Amagansett’s Crazy Monkey Gallery is a wonder in many ways, being the only cooperative venue in the area. Its staying power is also to be commended during this period of economic problems. The gallery comes up with creative projects as well. Consider the current 8th Annual Art Competition where spectators vote on their favorite works according to particular categories. The participating artists don’t know the voters, but the voters know the artists, including Tina Andrews, Beth Barry, Barbara Bilotta, Sarah Blodgett, Lance Corey, Daniel Dubinsky, Katherine Hammond, Jana Hayden, Jim Hayden, Cathy Hunter, Jane Kaplan, Andrea McCafferty, Diane Marxe, Stephanie Reit, Sheila Ratner, Clare Schoenbeimer, Daniel Schoenbeimer, Cynthia Sobel, Bob Tucker, Ellyn Tucker and Mark Zimmerman.
This critic knows neither the voters nor the artists: The following comments regarding the works in competition do not include the artists’ names.
Most pieces share common traits, although this is probably a coincidence. For example, qualities of texture, line patterns, dimensionality and movement exist in many works, evoking visual interest. First there’s texture created in one abstract piece that looks like sand; we are reminded of the Environmental Art Movement during the 1970s. Horizontal lines are also marked in the sand that are present in other artists’ endeavors. For example, there’s one image of the sky, sun and beach that conveys similar linear configurations. The childlike style delineates such lines in this piece, adding a spirited sensibility.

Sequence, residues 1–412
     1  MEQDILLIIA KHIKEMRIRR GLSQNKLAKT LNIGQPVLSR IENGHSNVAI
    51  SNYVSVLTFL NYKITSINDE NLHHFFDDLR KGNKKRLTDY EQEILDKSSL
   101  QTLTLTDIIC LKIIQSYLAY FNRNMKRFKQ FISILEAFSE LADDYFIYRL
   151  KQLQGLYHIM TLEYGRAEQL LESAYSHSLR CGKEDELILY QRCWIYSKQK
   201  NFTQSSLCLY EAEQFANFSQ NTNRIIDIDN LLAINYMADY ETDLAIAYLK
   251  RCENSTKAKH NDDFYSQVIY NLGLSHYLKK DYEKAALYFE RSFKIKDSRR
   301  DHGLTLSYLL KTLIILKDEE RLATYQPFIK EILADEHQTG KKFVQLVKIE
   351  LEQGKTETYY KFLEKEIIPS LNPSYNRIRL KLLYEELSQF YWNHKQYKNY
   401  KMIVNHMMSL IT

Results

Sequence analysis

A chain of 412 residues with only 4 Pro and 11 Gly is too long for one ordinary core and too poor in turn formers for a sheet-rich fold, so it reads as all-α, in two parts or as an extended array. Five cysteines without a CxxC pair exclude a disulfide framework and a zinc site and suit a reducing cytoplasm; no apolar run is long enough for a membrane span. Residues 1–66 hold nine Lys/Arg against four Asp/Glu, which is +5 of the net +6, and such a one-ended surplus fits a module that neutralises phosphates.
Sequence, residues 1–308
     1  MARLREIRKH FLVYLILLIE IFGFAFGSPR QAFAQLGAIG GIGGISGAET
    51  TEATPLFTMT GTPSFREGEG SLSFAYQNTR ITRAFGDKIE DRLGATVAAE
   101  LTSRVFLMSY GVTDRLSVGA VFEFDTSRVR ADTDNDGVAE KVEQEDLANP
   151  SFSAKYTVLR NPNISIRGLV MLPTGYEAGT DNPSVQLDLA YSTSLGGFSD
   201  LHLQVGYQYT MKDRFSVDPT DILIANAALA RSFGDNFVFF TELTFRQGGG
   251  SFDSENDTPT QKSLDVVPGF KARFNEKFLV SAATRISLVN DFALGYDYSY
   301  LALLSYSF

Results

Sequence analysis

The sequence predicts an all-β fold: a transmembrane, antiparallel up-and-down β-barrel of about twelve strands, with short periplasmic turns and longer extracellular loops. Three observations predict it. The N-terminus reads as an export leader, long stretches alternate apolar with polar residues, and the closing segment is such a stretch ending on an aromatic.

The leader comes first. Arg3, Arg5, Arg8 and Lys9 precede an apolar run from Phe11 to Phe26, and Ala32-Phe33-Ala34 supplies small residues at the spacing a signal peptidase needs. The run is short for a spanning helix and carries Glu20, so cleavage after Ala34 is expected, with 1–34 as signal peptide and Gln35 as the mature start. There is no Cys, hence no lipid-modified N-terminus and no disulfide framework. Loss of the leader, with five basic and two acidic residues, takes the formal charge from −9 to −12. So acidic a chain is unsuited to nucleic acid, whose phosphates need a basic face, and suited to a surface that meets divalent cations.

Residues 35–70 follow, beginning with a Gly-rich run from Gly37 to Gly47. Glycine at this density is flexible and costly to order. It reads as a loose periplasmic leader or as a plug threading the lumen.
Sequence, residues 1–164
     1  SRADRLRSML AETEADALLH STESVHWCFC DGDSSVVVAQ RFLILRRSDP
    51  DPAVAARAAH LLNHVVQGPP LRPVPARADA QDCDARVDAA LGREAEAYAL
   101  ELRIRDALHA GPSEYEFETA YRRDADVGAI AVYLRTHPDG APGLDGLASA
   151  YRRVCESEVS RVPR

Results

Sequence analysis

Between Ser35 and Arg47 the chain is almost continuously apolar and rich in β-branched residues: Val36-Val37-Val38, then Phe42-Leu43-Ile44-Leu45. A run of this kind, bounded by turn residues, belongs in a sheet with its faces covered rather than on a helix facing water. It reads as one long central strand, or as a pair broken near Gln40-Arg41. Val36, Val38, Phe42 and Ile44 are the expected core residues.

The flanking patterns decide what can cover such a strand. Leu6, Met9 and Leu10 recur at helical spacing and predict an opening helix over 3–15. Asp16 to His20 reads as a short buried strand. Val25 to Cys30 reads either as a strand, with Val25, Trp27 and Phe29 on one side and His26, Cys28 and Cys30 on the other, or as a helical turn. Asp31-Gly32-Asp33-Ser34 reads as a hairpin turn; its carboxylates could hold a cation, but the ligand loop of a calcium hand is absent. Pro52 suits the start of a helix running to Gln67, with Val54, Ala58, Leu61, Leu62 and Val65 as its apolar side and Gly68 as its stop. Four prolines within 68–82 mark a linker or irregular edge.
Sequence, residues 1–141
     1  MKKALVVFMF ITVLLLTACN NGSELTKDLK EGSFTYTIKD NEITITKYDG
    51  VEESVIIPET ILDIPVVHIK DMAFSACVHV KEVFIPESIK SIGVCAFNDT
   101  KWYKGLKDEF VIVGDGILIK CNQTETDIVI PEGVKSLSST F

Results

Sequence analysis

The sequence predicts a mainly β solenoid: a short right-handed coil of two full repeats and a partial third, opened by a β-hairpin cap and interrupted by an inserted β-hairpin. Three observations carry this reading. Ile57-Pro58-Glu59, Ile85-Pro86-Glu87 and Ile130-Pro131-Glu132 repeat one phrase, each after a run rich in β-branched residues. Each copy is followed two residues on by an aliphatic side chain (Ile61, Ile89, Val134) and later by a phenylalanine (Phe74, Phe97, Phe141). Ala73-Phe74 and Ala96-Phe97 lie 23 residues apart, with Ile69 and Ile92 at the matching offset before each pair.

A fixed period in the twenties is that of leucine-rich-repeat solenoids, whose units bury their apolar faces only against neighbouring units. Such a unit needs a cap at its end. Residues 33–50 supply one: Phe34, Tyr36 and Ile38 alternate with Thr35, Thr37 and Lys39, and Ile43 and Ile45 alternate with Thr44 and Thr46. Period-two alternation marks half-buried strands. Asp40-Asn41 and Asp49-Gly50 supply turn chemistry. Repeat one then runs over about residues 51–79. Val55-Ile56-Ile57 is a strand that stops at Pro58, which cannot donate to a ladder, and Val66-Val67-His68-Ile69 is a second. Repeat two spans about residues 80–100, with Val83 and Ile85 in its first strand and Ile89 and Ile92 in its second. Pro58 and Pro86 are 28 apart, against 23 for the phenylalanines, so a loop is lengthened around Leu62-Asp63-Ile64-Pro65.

Texture continues to define more work. Consider the shape of a magenta abstraction where crinkle-like material makes an effective design. The image is at once flat and layered, creating an interesting kind of texture. While the surface is smooth, there are subtle levels that give depth to the work. We are drawn into the maze of lines and directions.
Another work, recalling an abstract form made of Kleenex, delivers an arresting design that has a subtle sense of depth. Depth is also present in a landscape where the field in the foreground produces dimensionality. Diagonal lines, spread across the same ground, also create depth. Odd as it may seen, there’s another work that presents the figure of a pink cat. It appears flat and without depth, but at second glance, it looks like a bird’s-eye-view of a field (or map) where dimensionality plays a part.
Finally, movement is present in many of the works. Consider the red, black and white ball of colors that swirls through space, staying in one spot but about to go off the picture plane. A dynamic pattern of lines plays a role in this perception as well. A childlike style also permeates the image—this particular approach is present in several works.